'Originally co-produced with La Boite Theatre Company.' (Source: Brisbane Powerhouse website)

'I Find Myself in Shakespeare' : Shakespeare, Race and National Identities Philippa Kelly , 1998 single work criticism
— Appears in: Coppertales : A Journal of Rural Arts , no. 5 1998; (p. 95-104)
Bobby J's Modern Othello Den , 1934 single work short story
— Appears in: The Herald , 23 June no. 17817 1934; (p. 6)
Theatre 1838 single work review
— Appears in: Commercial Journal and Advertiser , 10 November vol. 4 no. 318 1838; (p. 2)

— Review of The Battle of Hexham George Colman (The Younger) , 1789 single work drama ; Othello William Shakespeare , 1604 single work drama
Royal Victoria Theatre 1838 single work review
— Appears in: Commercial Journal and Advertiser , 28 March vol. 4 no. 253 1838; (p. 2)

— Review of Othello William Shakespeare , 1604 single work drama ; The Middy Ashore William Bayle Bernard , 1836 single work musical theatre

Review of performances at the Royal Victoria Theatre on 26 March 1838.

The Theatres, &c. Jaques (fl. 1866-1868) , 1868 single work review
— Appears in: The Australasian , 9 May vol. 4 no. 110 (New Series) 1868; (p. 594)

— Review of The Lady of Lyons; or, Love and Pride Edward Bulwer Lytton , 1838 single work drama ; Macbeth William Shakespeare , 1606 single work drama ; Othello William Shakespeare , 1604 single work drama ; The Merchant of Venice William Shakespeare , 1594-1597 single work drama ; Under the Gaslight ; Or, Life and Love in These Times John Augustin Daly , 1867 single work drama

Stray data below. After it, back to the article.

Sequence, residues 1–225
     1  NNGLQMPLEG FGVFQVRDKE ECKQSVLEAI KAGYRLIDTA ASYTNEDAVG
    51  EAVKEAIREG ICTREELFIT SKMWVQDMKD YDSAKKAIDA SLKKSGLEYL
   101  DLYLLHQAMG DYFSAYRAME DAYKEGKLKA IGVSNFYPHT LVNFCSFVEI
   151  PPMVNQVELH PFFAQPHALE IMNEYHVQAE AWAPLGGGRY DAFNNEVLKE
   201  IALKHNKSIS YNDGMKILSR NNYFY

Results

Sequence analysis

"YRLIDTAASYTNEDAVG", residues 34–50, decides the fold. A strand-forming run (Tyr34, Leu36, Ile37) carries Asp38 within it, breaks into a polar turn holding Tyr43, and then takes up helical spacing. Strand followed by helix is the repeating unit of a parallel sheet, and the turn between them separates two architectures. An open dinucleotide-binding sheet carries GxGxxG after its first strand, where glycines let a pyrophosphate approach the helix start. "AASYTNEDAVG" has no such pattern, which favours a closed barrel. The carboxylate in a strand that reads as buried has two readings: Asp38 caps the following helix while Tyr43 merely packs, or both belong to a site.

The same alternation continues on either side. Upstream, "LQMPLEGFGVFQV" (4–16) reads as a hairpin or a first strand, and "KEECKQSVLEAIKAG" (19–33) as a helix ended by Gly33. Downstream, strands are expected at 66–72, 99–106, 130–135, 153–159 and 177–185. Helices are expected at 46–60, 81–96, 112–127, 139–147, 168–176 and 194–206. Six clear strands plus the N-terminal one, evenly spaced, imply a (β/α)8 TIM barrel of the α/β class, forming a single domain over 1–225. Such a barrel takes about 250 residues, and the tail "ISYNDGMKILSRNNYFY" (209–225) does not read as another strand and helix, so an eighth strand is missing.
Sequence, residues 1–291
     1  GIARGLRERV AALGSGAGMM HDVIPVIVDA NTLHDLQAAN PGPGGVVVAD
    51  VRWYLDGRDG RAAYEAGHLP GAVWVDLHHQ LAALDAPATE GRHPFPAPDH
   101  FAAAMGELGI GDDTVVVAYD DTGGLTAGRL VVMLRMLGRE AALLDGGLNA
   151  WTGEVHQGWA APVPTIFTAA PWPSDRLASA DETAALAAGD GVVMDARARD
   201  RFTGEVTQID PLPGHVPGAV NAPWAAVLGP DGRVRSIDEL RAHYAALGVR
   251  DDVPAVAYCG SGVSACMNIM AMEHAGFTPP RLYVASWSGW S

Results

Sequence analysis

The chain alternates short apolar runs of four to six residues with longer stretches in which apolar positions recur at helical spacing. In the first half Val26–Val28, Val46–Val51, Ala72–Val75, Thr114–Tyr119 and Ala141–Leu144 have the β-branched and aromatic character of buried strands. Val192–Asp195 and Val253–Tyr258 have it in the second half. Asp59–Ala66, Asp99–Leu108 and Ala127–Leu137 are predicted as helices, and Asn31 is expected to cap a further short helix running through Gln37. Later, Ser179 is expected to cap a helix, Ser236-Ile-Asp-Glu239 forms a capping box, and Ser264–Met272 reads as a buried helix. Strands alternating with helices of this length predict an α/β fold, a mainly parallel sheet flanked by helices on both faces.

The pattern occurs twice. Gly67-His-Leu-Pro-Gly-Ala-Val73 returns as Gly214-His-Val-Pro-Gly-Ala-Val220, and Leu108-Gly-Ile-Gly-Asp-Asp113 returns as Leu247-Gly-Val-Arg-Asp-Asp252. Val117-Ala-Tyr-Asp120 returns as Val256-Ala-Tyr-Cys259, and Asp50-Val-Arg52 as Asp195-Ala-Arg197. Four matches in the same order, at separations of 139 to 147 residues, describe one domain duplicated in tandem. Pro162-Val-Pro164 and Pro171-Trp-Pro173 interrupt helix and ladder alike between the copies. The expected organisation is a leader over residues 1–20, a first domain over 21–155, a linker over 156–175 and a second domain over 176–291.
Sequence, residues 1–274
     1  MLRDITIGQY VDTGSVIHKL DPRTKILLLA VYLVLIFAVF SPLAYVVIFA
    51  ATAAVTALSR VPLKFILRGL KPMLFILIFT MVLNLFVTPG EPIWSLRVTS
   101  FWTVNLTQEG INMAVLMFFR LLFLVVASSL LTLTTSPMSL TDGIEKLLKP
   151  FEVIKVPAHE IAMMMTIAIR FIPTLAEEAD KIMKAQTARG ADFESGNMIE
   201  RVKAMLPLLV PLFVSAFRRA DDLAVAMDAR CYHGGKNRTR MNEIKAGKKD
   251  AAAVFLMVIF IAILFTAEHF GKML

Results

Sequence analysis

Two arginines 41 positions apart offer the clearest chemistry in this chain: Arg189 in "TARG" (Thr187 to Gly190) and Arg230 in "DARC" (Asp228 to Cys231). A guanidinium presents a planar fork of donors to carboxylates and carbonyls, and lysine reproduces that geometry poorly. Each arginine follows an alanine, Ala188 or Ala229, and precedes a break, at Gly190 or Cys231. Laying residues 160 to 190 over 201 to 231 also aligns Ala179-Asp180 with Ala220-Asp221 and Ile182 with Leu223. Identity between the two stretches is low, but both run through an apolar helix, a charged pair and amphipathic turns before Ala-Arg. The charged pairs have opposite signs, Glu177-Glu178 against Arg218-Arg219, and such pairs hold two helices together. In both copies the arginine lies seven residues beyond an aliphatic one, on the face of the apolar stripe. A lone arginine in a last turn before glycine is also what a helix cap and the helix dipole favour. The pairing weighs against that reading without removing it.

Jaques reviews productions of Lady of Lyons, Macbeth, Othello and The Merchant of Vencie at the Theatre Royal, and Under the Gaslight at the Duke of Edinburgh Theatre, focusing particularly on the quality of the acting.

The Recording Angels Ronald Finlayson , 1916 single work short story humour
— Appears in: Lady Galway Belgium Book 1916; (p. 81-82)
Bobby J's Modern Othello Den , 1934 single work short story
— Appears in: The Herald , 23 June no. 17817 1934; (p. 6)
[Untitled] 1867 single work column
— Appears in: The Ballarat Courier , Monday, 26 August no. 67 1867; (p. 2)
  • Theatre lovers will have the chance to see the tragedian, Mr James Anderson, perform as Othello this evening. Mr Anderson has won acclaim in England and has been performing in Melbourne. Although he attracted some 'narrow-minded and one-sided' criticism, the writer is sure he will please Ballarat audiences, 'who generally patronise true merit'.
  • Bachelder's diorama has become so popular that many patrons were unable to gain admittance on Saturday night. This evening's entire proceeds are being donated to the hospital and the two asylums. Mr Bachelder is giving a number of performances especially for children and children from the Benevolent and Orphan Asylum will be admitted free to his Wednesday afternoon performance.
Theatre Royal : Mr Anderson as Othello 1867 single work review
— Appears in: The Ballarat Courier , Tuesday, 27 August no. 68 1867; (p. 3)
A lengthy and detailed review of Mr Anderson's portrayal of Othello. While largely favourable the reviewer feels that Mr Anderson displayed an indiscriminate use of 'declamatory power' in some of the scenes. He commends other actors in the performance, although he states that the casting of Desdomona was a mistake.
Theatre Royal : Othello 1867 single work review
— Appears in: The Ballarat Courier , Wednesday, 28 August no. 69 1867; (p. 2)
A further review of Othello. Although giving credit to Mr Anderson's performance as a whole, the reviewer believes that Mr Anderson continues to be 'too robust', particularly in scenes that require the expression of pathos. He praises Mr Heir's Iago and reprimands the audience, failing to see why any aspect of Iago's character should 'excite the laughter of the gallery and the titter of the boxes'.
Last amended 19 Nov 2014 15:42:18